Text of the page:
The first two of these are really better described as Digital Economy initiatives - they are how Post needs to respond to the overall economic transformation that is spurred by the fourth phase (telegraph, telephone, network computing, broadband IP) of the communications revolution. (also see below on history).

I've actually heard from elsewhere that there already is an Australia Post manager who has worked on the model for leveraging posts parcels business and looking for an executive sponsor. Hopefully he and Maha will hook up (and the person who told me that reads this blog so hopefully he'll make sure it happens).

The second area is a bit vague, and there are plenty of reasons why Post should not build its own bank - just as there were when the idea was raised in 1910. The Kiwi post office would also have a view. More importantly why cut off all that agency revenue just to try to make some margin between borrowing and lending.

Australia Post is an interesting case for the whole strategy thing - do you diversify or do you stick to your knitting. I think I've written previously about the strategy bit that said "the railways thought they were in the train business but they are in the transport business" - this is the stuff Telstra has grappled with, are they in the telco biz or the comms biz or in the converged "media comms biz".

Post is in the collecting and delivering business. To do that they've had to have shopfronts. They have leveraged the shopfronts to generate agency fee revenue and to sell products to create demand for the collecting and delivering business - presents, stationary etc. These activities bear some of the fixed and common costs incurred in running stores. The agency business in part grew by accident - as the collection of telephone bill payment went from core PMG business to agency Australia Post business.

There is a great deal of value that AP can add to e-commerce by providing an identification certification business - that could extend to providing to individuals encoded USB sticks that could be used by Centrelink recipients to establish their online credentials.

However it is in the area of actually getting into comms and perhaps seriously considering being a retail Service Provider of the NBN that is a worry. There are plenty of consu;tants (notably Ovum and Venture) promoting the idea of non-telcos getting into the NBN service biz. They all cite Tesco in the UK as a model. But Tesco is a service brand, post is a delivery brand. The bigger value for AP is getting large scale delivery business as part of NBN Co - creating drop points for collection of hardware by installers for example, or guaranteeing delivery of the hardware through offering the kind of "where is my package" service.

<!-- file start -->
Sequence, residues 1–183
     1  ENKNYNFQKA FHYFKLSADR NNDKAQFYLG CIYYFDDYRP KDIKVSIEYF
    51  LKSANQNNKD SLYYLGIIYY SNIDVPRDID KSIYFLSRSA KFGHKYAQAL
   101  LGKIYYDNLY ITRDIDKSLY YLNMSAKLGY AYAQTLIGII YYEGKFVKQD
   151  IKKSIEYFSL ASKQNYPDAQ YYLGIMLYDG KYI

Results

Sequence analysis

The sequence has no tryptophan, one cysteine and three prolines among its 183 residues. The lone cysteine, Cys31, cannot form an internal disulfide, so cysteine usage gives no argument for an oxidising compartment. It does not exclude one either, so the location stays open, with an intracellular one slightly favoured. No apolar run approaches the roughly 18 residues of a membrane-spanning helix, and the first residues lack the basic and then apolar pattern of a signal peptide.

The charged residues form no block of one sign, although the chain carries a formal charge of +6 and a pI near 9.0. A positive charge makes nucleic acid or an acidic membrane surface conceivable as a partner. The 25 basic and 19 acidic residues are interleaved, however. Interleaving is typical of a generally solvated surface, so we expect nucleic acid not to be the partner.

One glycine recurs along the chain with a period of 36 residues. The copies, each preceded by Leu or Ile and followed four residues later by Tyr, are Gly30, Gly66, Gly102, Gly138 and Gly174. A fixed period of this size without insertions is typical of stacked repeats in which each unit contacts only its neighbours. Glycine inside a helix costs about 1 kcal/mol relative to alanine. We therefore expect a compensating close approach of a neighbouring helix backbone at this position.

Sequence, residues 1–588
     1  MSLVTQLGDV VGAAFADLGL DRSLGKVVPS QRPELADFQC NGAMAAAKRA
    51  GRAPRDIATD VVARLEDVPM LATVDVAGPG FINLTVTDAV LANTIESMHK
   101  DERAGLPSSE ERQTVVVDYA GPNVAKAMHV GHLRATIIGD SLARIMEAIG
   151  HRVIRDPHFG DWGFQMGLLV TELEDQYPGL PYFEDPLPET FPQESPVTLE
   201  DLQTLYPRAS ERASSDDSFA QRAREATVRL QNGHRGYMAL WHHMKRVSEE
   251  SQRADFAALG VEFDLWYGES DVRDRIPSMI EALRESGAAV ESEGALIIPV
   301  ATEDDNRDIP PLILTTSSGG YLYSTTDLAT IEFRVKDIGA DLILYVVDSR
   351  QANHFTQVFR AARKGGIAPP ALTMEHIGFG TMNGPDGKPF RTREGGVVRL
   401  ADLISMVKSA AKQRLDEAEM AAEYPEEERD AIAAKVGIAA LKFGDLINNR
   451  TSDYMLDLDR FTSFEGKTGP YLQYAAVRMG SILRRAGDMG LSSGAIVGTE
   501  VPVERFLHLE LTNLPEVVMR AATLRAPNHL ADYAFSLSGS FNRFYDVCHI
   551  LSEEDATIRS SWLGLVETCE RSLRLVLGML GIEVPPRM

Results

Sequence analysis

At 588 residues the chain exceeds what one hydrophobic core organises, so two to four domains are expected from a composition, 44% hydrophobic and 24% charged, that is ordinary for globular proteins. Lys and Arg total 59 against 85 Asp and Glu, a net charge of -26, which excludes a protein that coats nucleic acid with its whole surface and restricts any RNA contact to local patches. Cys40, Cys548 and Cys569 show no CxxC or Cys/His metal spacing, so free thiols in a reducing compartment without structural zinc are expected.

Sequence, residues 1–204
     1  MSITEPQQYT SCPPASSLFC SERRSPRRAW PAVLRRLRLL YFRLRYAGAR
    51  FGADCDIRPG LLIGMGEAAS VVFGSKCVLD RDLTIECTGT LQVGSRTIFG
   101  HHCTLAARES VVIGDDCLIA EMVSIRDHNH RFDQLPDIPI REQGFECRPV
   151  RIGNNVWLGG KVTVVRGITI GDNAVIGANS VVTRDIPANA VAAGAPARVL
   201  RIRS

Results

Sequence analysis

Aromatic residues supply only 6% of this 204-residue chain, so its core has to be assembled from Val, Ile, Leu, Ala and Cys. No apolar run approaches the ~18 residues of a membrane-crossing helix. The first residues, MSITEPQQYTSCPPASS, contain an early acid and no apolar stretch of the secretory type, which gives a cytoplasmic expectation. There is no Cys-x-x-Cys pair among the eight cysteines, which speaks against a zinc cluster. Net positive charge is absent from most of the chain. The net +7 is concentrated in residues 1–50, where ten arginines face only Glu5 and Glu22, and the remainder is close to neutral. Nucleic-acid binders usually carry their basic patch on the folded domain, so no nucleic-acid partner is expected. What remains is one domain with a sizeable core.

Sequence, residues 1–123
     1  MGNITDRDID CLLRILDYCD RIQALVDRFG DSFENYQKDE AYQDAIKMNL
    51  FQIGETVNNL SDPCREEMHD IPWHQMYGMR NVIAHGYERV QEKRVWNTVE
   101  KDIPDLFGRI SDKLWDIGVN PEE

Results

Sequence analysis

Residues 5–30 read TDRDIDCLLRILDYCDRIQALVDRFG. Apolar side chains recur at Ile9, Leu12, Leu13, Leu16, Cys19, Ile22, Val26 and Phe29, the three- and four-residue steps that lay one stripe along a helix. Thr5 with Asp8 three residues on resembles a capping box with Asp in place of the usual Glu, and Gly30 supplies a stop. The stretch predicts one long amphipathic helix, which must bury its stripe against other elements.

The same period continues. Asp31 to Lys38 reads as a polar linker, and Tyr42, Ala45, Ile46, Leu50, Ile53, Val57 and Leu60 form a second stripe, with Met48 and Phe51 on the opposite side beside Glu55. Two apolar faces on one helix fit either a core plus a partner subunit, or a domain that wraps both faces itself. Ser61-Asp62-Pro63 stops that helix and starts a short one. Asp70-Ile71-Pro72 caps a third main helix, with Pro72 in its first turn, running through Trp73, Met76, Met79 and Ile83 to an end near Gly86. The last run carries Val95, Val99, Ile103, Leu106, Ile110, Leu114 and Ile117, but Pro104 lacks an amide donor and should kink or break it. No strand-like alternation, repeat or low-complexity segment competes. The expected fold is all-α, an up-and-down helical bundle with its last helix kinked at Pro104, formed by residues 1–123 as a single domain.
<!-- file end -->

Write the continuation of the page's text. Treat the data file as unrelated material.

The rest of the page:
But the bigger issue is that AP has two shareholding Ministers who happen to be the shareholding Ministers of NBN Co. To allow AP to get into the RSP business would blow the whole separation plan out of the water.

But, all we really have is CommsDay's speculation that this might be the AP strategy. My sense is that it won't be for long.

(see below)

A history note:

Both Maha and Grahame Lynch in CommsDay touched on the history note of the fact that as the PMG telecoms and post were integrated and whether this is a logical step. They get a bit of the history wrong.

The PMG that was formed in 1901 was simply the amalgamation of pre-existing state based PMGs that existed prior to Federation. The model of an integrated post - telegraph - telephone behemoth dates from the middle of the preceding century. How the PTT model evolved in the European countries and their colonies varies from place to place - but Eli Noam in Telecommunications in Europe proposes the position that revenue from the monopoly "royal mail" in all European states was one source of revenue that was not subject to Parliamentary approval. Preservation of that monopoly was paramount and extending the post office role to the telegraph and then telephone was a process of preserving the monopoly and its rents.

In the Australian context the newly Federated Post Office did not operate at all well in its initial years (a position that in part was built on interstate rivalries that remained in Telecom until the Divisionalisation move of 1987). This resulted in a Royal Commission that reported in 1910. The report and its record of evidence make interesting reading, not least because the issue faced was that the PMG was restricted to be able to spend only as much on capital as it could raise from revenue in each year - there were no "taxpayers funds" employed.

The other was that it was the postal service that was profitable. Indeed within the two loss making services the Director-General of the Service Robert Townley Scott revealed in his evidence;

Q:Then the telegraph and telephone systems are non-payable?
A:I do not think the telephones are non-payable. Sometimes a very considerable profit is made on the lines run on the condenser system.
Q: Generally speaking, the telephone system is a payable one?
A: Yes, with regard to the trunk lines and condenser system.
Q: what is to stop the Department from further reducing the telephone rates?